- Brian Taylor, Mark Neveldine
- Jason Statham, Amy Smart, Dwight Yoakam, Jose Pablo Cantillo
- 87 min.
- Release Date
Crank is one of those movies where the posters are better than the actual film. If the writer-director team of Mark Neveldine and Brian Taylor would have put equal amounts of creative effort into the movie’s marketing department AND its production, the film might have been worthwhile. Instead, this seizure-of-a-film fails to spark any interest beyond oddity, except, perhaps, to meth addicts who might understand the jittery camerawork and nonsensical plot better than I ever could. In fact, months before the film’s release, I remember seeing the movie poster and thinking, Wow, what balls that poster has! Little did I know the outcome was one big, violent, pointlessly explicit Mountain Dew commercial.
In the opening scenes, the annoyingly-named badass Chev Chelios (Jason Statham) is poisoned with a “Chinese cocktail.” The poison slows down his heart, and he’ll eventually die unless he counteracts the drug by pumping adrenaline through his system. There’s no cure for the poison, so he’s a goner no matter what. But he vows to keep going, if for no other reason than revenge. Sounds exciting, right? The potential here begs for a wowing action film. Chelios realizes it’s difficult to maintain an adrenaline high to survive, so he resorts to snorting cocaine, using nasal spray (which contains the artificial adrenaline drug epinephrine), random violence, fast driving, and even sex to spark those adrenal glands.
At one point, in a cab, Chelios asks the driver to turn up the radio. The cab driver blasts the station and Chelios begins to wildly headbang to “Achy Breaky Heart”—this joke is outdated by about a decade. Later in the film, Chelios explains the situation to his girlfriend, Eve (Amy Smart). In the middle of a crowded square in L.A.’s Chinatown, Chelios begins to undress her. She resists, screaming for him to stop. He begins to tear off her clothes, exposing her breasts. It looks as though he’s going to rape her for adrenaline’s sake. A crowd gathers, watching what looks like a man raping a woman, yet no one does anything (apparently this sort of thing happens all the time in L.A.). Eventually, Eve gets turned on and they have sex in front of a cheering, supporting crowd—all of whom are completely fine with this public sexual display. Which brings me to Eve, a character written so dumb, I am almost without words. When getting shot at by crooks, Chelios struggles to pull Eve away from her purse. Eve yells, “But my stuff!” She’s more concerned about her makeup and lotion than dying. Eve is the type of person that says “Why not!?” to random sex in front of schoolchildren.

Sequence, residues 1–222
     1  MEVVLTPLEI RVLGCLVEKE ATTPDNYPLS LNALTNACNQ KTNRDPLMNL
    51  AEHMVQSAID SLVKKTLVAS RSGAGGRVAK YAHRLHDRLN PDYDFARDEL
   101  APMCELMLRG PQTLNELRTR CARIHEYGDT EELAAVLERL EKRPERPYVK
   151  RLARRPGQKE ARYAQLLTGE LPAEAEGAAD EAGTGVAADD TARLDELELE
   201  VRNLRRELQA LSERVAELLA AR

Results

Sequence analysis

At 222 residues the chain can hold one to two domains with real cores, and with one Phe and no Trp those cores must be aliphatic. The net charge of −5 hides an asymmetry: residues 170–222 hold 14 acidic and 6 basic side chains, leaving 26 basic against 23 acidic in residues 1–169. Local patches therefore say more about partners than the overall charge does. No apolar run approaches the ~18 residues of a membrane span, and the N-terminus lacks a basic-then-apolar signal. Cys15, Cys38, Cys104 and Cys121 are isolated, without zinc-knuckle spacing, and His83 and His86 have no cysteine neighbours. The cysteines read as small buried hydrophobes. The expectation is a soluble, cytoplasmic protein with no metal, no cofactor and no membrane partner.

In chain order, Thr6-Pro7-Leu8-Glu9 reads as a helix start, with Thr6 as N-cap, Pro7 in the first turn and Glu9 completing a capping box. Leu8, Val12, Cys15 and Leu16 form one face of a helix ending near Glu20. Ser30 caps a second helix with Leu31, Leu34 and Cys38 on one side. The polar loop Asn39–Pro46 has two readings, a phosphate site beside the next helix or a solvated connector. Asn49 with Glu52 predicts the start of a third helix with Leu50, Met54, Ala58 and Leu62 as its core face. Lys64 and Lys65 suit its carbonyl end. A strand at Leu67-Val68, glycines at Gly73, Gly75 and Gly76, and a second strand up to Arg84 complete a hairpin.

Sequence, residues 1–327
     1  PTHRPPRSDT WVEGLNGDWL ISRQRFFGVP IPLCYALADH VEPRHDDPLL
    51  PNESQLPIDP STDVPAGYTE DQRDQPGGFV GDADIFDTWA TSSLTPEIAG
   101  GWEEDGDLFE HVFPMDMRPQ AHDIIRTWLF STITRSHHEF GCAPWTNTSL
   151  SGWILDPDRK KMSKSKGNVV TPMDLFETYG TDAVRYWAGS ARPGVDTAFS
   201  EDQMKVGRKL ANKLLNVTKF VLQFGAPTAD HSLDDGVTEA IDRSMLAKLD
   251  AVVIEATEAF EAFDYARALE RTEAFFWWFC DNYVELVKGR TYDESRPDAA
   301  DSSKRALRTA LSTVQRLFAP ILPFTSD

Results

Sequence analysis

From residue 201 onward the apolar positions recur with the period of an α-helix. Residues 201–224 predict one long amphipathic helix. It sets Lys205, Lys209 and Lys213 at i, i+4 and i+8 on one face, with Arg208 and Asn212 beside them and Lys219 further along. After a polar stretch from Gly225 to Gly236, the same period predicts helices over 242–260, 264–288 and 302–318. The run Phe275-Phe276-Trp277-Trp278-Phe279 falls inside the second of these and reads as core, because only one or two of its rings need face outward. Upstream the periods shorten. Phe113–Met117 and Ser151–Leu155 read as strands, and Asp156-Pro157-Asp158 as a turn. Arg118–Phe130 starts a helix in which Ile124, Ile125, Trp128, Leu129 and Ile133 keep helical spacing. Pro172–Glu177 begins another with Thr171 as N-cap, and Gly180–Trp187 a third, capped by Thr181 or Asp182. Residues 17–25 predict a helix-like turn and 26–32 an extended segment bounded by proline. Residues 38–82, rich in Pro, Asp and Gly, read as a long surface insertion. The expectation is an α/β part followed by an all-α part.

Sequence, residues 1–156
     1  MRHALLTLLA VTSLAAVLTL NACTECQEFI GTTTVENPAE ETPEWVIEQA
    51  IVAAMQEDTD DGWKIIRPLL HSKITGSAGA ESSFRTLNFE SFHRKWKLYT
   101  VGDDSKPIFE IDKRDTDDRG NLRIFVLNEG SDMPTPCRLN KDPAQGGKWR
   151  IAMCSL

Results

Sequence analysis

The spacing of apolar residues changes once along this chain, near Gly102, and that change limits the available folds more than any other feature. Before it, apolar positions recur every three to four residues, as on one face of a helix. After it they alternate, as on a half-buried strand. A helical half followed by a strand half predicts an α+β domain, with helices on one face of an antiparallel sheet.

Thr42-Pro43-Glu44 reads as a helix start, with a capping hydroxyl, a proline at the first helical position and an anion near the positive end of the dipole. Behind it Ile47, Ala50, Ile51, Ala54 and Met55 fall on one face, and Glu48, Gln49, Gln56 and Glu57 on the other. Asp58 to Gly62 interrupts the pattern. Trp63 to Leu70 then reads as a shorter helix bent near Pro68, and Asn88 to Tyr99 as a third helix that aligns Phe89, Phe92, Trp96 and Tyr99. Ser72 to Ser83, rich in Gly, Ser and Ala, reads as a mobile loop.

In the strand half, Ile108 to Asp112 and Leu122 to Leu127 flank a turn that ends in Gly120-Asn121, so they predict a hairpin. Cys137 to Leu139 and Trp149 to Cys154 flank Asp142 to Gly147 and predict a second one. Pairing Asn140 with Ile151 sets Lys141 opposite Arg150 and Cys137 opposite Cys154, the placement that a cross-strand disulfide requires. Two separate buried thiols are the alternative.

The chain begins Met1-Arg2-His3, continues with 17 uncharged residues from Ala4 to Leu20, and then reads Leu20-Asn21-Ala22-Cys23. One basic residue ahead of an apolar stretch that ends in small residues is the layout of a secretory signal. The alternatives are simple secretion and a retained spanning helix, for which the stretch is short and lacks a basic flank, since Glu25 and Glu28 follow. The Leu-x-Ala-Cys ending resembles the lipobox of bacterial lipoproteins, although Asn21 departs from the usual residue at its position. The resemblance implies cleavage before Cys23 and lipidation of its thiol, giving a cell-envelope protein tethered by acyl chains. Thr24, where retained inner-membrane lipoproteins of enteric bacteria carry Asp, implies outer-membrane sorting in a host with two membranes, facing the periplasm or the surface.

Crank isn’t about reality, so I shouldn’t harp on the aforementioned sex scene (though it was pretty ridiculous) nor the unreal dumbness of Smart’s character. Regardless of the intentionally cartoonish tone the film creates, somehow I couldn’t dismiss Chelio’s ability to remain alive after several hours of being shot, burned, defibulated, overdosed, and infected by god-knows-what STDs from Smart’s character. This movie reminds me of 2004’s Cellular: the concept outweighs the actual film. Both hope the idea driving the picture is enough to forget about poor direction, silly writing, and unintentionally bad acting. Though Crank is filled with fast-paced action, the rest of the film is so preposterous, I couldn’t help but laugh my way through (in a mocking, contemptuous way).
Statham is known for playing characters who never seem to die (see The Transporter movies). He’s best used in supporting roles (see Snatch or Lock, Stock, and Two Smoking Barrels) and hasn’t yet carried an action film on his own, at least not a worthwhile action film. Over-the-top, exaggerated, and taking themselves way too seriously, his flicks are impossible for me to recall 2-minutes after putting the DVD back in the Netflix envelope.
I don’t know why, but it took two people to direct this film. Neveldine and Taylor should be making commercials for mountain bikes and energy drinks, not feature films. The directors use gimmicky shots, endlessly flashy editing, random subtitles, and meaningless freeze-frames to spice up their scenario. But all their efforts only divert attention to the bad script. These two learned everything they could from the Michael Bay School of Filmmaking, hit each other in the head with a hammer, and made Crank in a dreary haze while recovering from the blow.